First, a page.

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Israel’s rejection of Arafat Street reflects rejection of peace
Israeli Prime Minister Benjamin Netanyahu stepped in this past week to force residents of an Israeli city consisting of mostly Muslim and Christian Palestinians to remove a street sign etected to honor the late Palestinian President Yasir Arafat.
Arafat was the signatory to an agreement that Netanyahu has broken to create Two States, Israel and Palestine. Arafat signed the agreement with Israeli Prime Minister Yitzhak Rabin and Israeli President Shimon Peres in 1993, symbolized a handshake that symbolized what many hoped would be the end to the Palestine-Israel violence.
But Rabin was murdered by a Netanyahu disciple, and Arafat was poisoned by Netanyahu’s predecessor former Terrorist Ariel Sharon, who like Netanyahu opposed any peace accord with the Palestinians.
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Netanyahu’s entire existence in political life has been to discourage and block peace with the Palestinians, to provoke the Palestinians into emotional anger and counter-violence, and to steal more and more land from Christian and Muslim Arabs in the occupied West Bank and occupied Jerusalem.
By demanding that so-called Israeli citizens remove the street sign honoring Arafat in the Israeli village of Jatt and banning street signs honoring other Palestinian and Arabs from Arab political and cultural history.
Netanyahu’s actions prove that he is against peace and that he prefers continued violence and conflict. Netanyahu wants the violence because he uses the violence as a justification to cloak his theft of lands from Christian and Muslim Palestinians. He uses the violence he provokes through his policies to push otherwise fair American Jews and pro-Israel activists to frown on and question peace based on Two States.
Peace doesn’t come from empty words and phony smiles like what we get from Netanyahu. It’s not the words that make peace but the intentions.
It comes from genuine substance. Recognizing the rights of both peoples Israelis and Palestinians in a historic land that is sacred to both peoples, Israel and Palestine.
Israelis complain because Arafat pushed back against the ultimatum deal offered by Rabin’s successor, the cowardly Prime Minister Ehud Barak who refused to detail his “peace proposal” to Arafat on paper. Instead, Barak allegedly had ant-Arab negotiator Dennis Ross describe the deal to Arafat who balked at the refusal of Israel to address the issue of the Palestinian “Right of Return.”
Negotiations are to be a give and take. Compromise comes from a back and forth that engages in the issues. When Arafat demanded that Israel address the issue of the Right of Return, Barak used that as an excuse to end the Camp David meetings and with the complicit lying of then President Bill Clinton and Ross, asserted that Arafat had killed the peace process by rejecting “the best peace plan ever offered by Israel to the Palestinians.”
The fact that Barack, an alleged moderate, refused to negotiate on his plan shows that even the Israeli left rejects a genuine peace accord.
The gamesmanship of Barak, Ross and Clinton torpedoed the peace process and sent Israeli-Palestinian relations into a violent downward plunge that we are still paying for.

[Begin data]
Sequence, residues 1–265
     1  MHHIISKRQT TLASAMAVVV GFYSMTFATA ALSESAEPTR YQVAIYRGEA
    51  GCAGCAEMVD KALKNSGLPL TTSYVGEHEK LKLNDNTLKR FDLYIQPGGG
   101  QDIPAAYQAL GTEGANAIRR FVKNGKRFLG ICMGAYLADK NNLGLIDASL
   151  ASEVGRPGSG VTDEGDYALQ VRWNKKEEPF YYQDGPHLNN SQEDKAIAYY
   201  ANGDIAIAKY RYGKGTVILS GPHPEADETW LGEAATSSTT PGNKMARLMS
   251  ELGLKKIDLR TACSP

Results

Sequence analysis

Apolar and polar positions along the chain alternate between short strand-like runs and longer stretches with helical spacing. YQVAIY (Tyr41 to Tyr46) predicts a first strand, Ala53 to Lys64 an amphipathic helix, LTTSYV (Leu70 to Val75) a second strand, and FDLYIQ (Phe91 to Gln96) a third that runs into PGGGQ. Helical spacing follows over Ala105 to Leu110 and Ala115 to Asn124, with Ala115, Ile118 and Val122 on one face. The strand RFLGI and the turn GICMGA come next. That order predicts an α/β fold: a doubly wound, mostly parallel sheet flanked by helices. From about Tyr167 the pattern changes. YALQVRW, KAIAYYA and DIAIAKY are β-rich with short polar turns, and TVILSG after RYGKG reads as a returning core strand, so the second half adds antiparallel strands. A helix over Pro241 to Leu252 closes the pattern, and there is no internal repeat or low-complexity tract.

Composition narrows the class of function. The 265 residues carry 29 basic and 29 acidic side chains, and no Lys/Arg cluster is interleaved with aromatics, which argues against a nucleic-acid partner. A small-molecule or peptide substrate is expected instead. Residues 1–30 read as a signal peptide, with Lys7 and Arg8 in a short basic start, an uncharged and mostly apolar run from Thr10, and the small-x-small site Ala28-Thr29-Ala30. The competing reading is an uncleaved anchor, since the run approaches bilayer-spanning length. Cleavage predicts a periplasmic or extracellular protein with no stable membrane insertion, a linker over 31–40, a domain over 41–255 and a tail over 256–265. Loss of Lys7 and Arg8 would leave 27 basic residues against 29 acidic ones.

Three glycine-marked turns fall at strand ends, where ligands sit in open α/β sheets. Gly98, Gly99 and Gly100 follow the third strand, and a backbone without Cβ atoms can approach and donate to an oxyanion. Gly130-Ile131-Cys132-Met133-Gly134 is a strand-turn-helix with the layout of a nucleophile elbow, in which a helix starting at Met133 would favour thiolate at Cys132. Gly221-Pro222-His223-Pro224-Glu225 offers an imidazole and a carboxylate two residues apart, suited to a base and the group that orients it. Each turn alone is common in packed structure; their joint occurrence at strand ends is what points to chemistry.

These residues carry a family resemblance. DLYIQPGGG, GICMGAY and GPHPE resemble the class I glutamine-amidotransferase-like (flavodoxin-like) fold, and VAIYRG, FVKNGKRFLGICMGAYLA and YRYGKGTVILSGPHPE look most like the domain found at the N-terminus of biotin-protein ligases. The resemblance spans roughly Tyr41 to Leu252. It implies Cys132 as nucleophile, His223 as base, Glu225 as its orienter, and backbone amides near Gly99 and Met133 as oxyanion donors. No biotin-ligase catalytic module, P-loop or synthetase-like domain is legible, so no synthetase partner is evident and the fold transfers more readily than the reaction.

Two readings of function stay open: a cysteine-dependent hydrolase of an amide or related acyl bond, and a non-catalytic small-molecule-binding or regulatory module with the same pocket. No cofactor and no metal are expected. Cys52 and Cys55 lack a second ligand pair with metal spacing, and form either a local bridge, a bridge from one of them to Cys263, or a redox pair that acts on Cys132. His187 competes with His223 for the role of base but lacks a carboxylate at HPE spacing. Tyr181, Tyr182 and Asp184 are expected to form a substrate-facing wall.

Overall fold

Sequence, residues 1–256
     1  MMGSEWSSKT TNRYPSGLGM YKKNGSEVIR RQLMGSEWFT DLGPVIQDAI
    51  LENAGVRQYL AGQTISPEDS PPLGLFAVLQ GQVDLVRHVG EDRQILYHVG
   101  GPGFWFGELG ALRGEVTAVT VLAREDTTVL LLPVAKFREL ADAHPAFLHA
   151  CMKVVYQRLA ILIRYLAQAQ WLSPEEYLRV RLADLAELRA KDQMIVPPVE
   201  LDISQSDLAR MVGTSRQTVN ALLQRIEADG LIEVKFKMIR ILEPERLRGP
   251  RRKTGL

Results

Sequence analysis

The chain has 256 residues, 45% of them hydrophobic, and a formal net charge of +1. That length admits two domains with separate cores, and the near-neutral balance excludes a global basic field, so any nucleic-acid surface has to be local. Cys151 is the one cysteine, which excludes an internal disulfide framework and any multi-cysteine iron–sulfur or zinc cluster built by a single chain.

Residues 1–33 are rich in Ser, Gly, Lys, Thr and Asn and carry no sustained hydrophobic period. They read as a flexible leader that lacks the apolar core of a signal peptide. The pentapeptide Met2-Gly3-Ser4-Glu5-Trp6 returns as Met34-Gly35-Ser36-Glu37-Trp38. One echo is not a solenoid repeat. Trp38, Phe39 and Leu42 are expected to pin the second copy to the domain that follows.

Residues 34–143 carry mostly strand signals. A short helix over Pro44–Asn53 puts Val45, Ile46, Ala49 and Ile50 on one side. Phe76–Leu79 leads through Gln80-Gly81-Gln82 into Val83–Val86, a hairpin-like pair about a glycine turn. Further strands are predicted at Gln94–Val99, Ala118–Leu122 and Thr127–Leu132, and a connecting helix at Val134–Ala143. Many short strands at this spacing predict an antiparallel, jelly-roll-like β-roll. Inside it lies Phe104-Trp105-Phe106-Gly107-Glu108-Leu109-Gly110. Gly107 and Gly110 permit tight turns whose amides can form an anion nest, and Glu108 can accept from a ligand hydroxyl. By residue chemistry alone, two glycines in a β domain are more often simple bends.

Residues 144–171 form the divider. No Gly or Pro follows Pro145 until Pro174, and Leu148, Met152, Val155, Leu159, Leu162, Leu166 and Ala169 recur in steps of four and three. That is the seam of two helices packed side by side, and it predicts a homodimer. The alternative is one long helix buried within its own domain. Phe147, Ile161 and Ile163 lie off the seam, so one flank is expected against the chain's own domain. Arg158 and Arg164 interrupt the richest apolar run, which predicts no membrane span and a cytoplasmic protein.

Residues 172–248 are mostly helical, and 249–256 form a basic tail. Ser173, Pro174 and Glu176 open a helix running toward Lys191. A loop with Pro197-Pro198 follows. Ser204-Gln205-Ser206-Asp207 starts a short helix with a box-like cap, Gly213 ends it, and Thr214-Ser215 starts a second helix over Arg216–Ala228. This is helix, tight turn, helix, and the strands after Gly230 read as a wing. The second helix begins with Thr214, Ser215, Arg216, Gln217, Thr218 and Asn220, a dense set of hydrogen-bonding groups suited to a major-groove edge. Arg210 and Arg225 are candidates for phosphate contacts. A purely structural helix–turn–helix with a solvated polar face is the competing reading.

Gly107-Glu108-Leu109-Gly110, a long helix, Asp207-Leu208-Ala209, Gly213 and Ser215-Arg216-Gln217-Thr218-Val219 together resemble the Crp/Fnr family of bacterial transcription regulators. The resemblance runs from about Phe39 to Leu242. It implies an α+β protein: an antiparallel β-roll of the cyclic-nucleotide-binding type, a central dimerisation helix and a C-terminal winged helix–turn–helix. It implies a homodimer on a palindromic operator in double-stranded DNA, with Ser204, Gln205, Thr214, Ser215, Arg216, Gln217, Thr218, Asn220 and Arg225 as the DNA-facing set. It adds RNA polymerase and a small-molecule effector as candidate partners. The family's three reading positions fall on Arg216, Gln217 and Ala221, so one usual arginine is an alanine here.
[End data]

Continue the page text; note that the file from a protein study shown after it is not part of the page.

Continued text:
They and the biased, anti-Arab racist American news media blame the failure of peace on Arafat, but the truth is the failure was built in and intended by Israel, Clinton and their allies.
Israel never really wanted peace. They want the land. The only problem is how can they keep the land and expel the Christians and Muslims who live on it.
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"I write about three topics, the Middle East, politics and life in general. I often take my life experiences and offer them in an entertaining way to readers, and I take on the toughest topics like the Israel-Palestine conflict and don't pull any punches about what I feel is fair. But, my priority is always about writing the good story."
Hanania covered Chicago Politics and Chicago City Hall from 1976 through 1992. Hanania began writing in 1975 when he published The Middle Eastern Voice newspaper in Chicago (1975-1977). He later published “The National Arab American Times” newspaper which was distributed through 12,500 Middle East food stores in 48 American States (2004-2007).
Hanania writes weekly columns on Middle East and American Arab issues for the Arab News in Saudi Arabia at www.ArabNews.com, and at www.TheArabDailyNews.com, www.TheDailyHookah.com and at SuburbanChicagoland.com. He has also published weekly columns in the Jerusalem Post newspaper, YNetNews.com, Newsday Newspaper in New York, the Orlando Sentinel Newspapers, and the Arlington Heights Daily Herald.
Palestinian, American Arab and Christian, Hanania’s parents originate from Jerusalem and Bethlehem.
Hanania is the recipient of four (4) Chicago Headline Club “Peter Lisagor Awards” for Column writing. In November 2006, he was named “Best Ethnic American Columnist” by the New American Media. In 2009, Hanania received the prestigious Sigma Delta Chi Award for Writing from the Society of Professional Journalists. He is the recipient of the MT Mehdi Courage in Journalism Award. He was honored for his writing skills with two (2) Chicago Stick-o-Type awards from the Chicago Newspaper Guild. In 1990, Hanania was nominated by the Chicago Sun-Times editors for a Pulitzer Prize for his four-part series on the Palestinian Intifada.
His writings have also been honored by two national Awards from ADC for his writing, and from the National Arab American Journalists Association.
The managing editor of Suburban Chicagoland Online News website www.SuburbanChicagoland.com, Hanania's columns also appear in the Southwest News Newspaper Group of 8 newspapers.
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